Strong start to a new tale.

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Minireview: Tears at Bitter Manor (Pathfinder)

The Pathfinder stand-alone module format has recently moved to a “fewer releases, bigger modules” format, and I for one think the change is a good one. Even though the “new style” module so far have been merely ok in quality, the format does make room for more involved plots. Here, in Tears at Bitter Manor, that extra space is used to introduce a plot more centered around investigation than combat – always welcome, in my book.

The plot involves an old band of retired adventurers who meet up with each other once a year. This year, one of them has failed to show up, and since this coincides with some other dark events in the region, the PCs are asked to look into the matter (various possible hooks are described in the module). Of course, all this would work best if the NPC band of retired adventurers had been introduced to the PC earlier, in other contexts, but that sort of thing isn’t always possible. In any case, it is assumed that the PCs take up the case, and of course there is a sinister plot behind it all. Isn’t there always.

This is a decent adventure, but it could be better. The main bad guy isn’t all that interesting, and the NPCs themselves could be a little less stereotypical and more interesting. They aren’t bad, it’s just that they are a bit bland. I did like the fact that not all of this is combat, though, so in the end it’s one more in the “decent but nothing fantastic” pile.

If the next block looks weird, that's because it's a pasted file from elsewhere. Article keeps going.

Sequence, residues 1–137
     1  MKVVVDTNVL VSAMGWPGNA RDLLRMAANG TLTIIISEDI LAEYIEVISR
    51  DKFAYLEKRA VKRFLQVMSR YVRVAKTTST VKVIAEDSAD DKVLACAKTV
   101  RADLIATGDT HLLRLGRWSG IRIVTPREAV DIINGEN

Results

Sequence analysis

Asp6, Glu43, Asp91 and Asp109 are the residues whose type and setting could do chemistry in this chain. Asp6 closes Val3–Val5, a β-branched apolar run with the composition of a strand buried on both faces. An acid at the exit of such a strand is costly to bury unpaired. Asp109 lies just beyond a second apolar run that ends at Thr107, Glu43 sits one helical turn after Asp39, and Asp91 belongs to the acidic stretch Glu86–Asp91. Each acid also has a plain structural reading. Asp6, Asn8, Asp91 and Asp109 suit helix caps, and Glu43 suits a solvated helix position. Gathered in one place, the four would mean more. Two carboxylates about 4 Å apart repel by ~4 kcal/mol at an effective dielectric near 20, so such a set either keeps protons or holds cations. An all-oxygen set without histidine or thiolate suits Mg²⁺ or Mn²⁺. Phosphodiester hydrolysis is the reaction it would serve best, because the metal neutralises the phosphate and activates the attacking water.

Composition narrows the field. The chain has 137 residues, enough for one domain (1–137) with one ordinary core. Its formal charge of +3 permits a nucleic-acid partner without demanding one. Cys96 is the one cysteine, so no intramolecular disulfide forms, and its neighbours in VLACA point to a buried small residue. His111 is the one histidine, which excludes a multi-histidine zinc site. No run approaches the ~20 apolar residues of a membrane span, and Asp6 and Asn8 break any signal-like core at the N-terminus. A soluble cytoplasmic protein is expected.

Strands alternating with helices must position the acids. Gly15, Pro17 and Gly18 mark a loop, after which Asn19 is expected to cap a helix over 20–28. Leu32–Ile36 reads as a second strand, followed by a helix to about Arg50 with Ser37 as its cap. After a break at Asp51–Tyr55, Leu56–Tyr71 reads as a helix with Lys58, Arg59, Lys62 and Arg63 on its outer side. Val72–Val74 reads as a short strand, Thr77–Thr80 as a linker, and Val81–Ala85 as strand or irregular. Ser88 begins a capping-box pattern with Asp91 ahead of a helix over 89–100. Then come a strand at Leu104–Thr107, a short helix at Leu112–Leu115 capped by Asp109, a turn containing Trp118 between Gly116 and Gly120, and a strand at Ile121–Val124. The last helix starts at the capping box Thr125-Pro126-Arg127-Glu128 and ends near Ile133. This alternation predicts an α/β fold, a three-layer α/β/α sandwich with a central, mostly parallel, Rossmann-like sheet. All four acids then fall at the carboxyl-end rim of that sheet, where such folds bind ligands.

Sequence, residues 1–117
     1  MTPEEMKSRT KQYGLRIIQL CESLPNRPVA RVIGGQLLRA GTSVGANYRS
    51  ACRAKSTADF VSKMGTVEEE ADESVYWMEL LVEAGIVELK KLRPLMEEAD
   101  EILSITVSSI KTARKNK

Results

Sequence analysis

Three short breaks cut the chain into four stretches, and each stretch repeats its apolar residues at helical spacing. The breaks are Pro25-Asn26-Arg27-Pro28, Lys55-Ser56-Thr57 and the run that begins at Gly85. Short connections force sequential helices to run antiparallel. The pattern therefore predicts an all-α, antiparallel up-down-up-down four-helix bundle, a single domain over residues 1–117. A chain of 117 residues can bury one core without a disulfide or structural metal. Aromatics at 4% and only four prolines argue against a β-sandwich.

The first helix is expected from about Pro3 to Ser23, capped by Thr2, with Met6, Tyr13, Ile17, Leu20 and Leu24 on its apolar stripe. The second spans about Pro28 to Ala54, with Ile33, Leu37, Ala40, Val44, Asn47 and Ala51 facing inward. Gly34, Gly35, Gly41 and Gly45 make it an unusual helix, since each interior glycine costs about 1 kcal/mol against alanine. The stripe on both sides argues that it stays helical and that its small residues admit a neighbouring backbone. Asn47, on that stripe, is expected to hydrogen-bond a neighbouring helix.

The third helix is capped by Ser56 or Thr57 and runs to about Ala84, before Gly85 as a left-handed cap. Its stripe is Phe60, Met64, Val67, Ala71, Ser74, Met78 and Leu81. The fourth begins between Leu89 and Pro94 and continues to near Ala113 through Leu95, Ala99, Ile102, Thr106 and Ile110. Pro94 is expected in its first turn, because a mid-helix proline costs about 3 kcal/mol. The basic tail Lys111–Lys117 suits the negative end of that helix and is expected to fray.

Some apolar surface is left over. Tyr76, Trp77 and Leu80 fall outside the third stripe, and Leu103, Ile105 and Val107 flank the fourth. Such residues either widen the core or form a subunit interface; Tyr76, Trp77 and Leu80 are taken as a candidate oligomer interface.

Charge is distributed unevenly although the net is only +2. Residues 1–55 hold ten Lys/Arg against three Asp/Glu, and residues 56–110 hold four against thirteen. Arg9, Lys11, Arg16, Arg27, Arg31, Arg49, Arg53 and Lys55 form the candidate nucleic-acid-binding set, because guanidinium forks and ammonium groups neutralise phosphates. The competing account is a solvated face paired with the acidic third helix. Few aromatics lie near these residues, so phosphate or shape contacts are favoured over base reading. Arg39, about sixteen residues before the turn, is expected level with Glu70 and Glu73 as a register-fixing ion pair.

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Minireview: The City & the City, by China Miéville

The City & the City is a deeply strange book… but then again, since it’s by China Miéville, that’s a given. I absolutely love many of his books, while sometimes, most recently in “The Kraken”, I can see what he’s trying to do but it just leaves me cold. This book lands squarely in the “absolutely loved it” department, in fact I think it’s one of his all-time best.

This is a stand-along book, not connected to any of his other stories. It’s set in the dilapidated city of Beszel, in some vaguely Eastern European country. It’s also set in the city of Ul Qoma, which… ok, here I have to post a warning, since it’s impossible to discuss this book without some spoilers.

So, you have been warned. If you have yet to read this book, I suggest you stop reading this, right now, and go read the book. Welcome back, afterwards.

Ok, so Ul Quoma both is Beszel and and very much is not. It occupies the same physical space, but it logically separate. Citizens of Beszel do not see citizens of Ul Quoma, and vice versa. Oh, they could see them, but they are conditioned since childhood to “unsee” things that do not belong. If you want to visit Ul Quoma from Beszel, you need to go to the border checkpoint (in the center of both cities), and then, having officially crossed over, are free to go back to the same exact spot – at which point you can see Ul Quoma, but cannot see Beszel anymore.